Tuesday, March 21, 2006

Three Years of War

March 19th marked the Iraq war's 3rd anniversary. I remember well March 19th 2003 when the war actually started. I was a first year medical student struggling through my neuroscience block, but keeping an eye on the news via the internet.

I remembered being appalled by Bush's insistence that we must invade Iraq. I remember him pleading to the UN for permission to once again invade the country. The UN sent their investigators to look for weapons and found none because their were none. They voted not to allow the US to invade. But we invaded anyway. I was shocked and saddened that our country would subvert the UN's doctrine. It made the statement that we are the exception, that the rest of the world must abide by the UN's rules and regulations, but we do not have to.

I thought for sure time would prove me wrong. I thought that we would find the chemical weapons plant making awful gases and missiles loaded with anthrax. I wanted the US to find them. But they didnt. We found Saddam, but never saw any of his missile silos or nuclear weapons. Its bad enough to ignore the UN and insist that we are right. That we turned out to be wrong in the end, is shameful.

And here we are. Three years and over 33,000 civilian deaths later. What have we accomplished? I wont say nothing, because some good has come from our invasion. We took a madman out of power. We freed a country from tyranny, sort of. They had elections. All those things are good, I am not discounting that. However, there is still widespread poverty, crime, and violence in Iraq, and progress has been very slow, to say the least.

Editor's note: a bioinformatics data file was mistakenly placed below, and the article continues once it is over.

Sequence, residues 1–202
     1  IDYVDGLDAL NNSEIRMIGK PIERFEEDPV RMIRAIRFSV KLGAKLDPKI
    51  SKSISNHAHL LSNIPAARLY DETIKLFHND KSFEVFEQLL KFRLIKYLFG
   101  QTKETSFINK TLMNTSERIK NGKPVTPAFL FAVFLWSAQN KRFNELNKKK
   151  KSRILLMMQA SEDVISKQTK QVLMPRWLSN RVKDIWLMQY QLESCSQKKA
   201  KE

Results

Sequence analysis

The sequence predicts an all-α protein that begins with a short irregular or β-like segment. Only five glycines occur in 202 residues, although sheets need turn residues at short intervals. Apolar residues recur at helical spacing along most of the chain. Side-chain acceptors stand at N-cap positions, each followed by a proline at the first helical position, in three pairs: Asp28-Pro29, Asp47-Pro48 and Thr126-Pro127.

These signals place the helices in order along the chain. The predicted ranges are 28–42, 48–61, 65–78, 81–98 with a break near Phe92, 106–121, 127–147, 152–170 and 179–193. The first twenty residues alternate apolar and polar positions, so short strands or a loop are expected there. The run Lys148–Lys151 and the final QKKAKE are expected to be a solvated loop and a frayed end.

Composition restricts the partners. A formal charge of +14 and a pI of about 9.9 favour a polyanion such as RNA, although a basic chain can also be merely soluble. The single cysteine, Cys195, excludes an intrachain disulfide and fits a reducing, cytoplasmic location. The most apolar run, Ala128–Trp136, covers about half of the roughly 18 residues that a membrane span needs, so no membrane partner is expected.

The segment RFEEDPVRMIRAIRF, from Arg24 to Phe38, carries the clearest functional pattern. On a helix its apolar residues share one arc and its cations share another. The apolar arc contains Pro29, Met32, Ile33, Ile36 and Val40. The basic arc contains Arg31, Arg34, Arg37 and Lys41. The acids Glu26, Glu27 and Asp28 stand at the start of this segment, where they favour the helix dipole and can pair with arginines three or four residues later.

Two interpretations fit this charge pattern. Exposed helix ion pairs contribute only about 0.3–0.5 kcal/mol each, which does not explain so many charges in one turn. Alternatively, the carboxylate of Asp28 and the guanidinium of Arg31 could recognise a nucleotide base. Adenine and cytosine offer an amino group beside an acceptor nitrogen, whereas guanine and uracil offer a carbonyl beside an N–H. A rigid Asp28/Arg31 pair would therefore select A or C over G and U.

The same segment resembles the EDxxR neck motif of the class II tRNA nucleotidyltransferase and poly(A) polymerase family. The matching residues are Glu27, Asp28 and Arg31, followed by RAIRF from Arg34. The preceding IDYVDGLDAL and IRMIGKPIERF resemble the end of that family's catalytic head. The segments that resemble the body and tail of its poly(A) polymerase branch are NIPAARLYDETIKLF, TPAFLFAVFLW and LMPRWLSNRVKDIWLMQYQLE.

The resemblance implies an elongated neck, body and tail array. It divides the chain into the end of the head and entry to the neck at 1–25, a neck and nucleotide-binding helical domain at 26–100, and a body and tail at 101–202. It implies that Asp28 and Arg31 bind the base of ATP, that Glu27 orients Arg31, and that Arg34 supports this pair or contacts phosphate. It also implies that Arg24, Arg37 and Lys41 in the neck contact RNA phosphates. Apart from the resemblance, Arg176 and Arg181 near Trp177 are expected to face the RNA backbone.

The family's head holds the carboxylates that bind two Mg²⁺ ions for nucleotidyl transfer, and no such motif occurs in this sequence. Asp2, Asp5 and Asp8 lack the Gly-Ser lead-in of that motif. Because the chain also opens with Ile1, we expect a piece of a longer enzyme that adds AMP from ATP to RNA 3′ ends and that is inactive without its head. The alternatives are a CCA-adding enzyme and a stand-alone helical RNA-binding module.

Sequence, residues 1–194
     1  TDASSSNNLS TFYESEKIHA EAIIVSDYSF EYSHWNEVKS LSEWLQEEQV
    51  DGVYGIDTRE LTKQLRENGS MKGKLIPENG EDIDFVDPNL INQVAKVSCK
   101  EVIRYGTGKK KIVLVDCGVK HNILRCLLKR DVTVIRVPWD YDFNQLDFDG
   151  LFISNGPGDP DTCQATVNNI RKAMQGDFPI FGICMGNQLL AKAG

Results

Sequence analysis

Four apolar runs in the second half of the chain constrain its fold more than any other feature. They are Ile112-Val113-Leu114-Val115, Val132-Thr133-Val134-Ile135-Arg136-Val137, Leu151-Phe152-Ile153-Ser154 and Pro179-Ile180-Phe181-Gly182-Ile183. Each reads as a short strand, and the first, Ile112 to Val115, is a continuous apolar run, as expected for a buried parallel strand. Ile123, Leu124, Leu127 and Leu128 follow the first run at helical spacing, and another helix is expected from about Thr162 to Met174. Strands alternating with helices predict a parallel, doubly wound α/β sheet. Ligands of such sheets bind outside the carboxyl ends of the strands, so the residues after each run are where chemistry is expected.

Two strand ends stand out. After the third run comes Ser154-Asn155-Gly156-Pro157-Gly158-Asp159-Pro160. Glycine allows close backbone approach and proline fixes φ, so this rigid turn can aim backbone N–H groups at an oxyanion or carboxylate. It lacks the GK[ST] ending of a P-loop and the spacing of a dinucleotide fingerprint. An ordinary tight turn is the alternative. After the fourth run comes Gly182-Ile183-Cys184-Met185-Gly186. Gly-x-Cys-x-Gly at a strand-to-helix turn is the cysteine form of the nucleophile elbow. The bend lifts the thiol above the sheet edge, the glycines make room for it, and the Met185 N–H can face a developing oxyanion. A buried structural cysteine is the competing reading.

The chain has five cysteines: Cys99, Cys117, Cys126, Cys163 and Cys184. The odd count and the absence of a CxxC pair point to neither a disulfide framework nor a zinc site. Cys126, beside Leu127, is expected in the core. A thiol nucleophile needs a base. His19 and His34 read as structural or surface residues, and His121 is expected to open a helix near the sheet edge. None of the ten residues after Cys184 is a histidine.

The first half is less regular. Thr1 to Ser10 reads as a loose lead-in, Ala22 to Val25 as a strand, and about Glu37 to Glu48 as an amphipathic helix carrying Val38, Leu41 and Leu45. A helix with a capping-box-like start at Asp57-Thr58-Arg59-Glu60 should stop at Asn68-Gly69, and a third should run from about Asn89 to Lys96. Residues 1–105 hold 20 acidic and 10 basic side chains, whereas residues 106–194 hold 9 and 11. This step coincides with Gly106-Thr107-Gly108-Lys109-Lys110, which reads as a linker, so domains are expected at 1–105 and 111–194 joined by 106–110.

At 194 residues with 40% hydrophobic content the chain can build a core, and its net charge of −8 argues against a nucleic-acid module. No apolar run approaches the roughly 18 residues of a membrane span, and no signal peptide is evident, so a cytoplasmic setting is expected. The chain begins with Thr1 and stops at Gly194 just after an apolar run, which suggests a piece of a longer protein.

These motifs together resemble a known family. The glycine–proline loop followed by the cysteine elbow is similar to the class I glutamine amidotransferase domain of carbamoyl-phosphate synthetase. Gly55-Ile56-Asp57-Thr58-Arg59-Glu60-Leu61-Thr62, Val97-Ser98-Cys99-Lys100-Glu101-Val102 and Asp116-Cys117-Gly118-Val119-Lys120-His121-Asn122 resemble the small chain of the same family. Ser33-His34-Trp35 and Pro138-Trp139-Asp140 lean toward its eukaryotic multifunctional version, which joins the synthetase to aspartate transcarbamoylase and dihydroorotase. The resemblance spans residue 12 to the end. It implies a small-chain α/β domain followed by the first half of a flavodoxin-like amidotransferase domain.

But my real concern is with how the world and history will view our actions and our priorities. We have set the precedent that its ok to ignore the UN when you have a really strong hunch about a country's intentions. Unfortunately, we have also set the precedent that its ok when that hunch is dead wrong.

More importantly, it says to the world that the US will invade who we want, when we want, primarily because we can. It says we will ignore events like the genocide that occurred in Rwanda and that which is occurring in Sudan today. We will spend 250 billion dollars, will sacrifice over 2,000 of our young troops to defend our interests. We will only donate a fraction of our war expenditure to the worst plague the world has ever known.

$250 billion dollars would fund worldwide AIDS treatment for 24 years. I worry not only about the US, but about the entire human race when I realize how much we spend on killing compared to that which we spend on helping.

So you may not agree with my statistics or my logic, and that is fine. Either way, I hope Americans take a critical look at what is going on in our world and what the United States role has been in it. We have been at war for three years now. Its time for us to think about that, and decide if its something we support, or perhaps something we now see as a mistake. Let those thoughts and decisions influence your politics, your vote, or even your words and actions. I obviously only present my views here. On this anniversary, I hope you are able to take a close look at our world, and a deep look into yourself, and develop your own.


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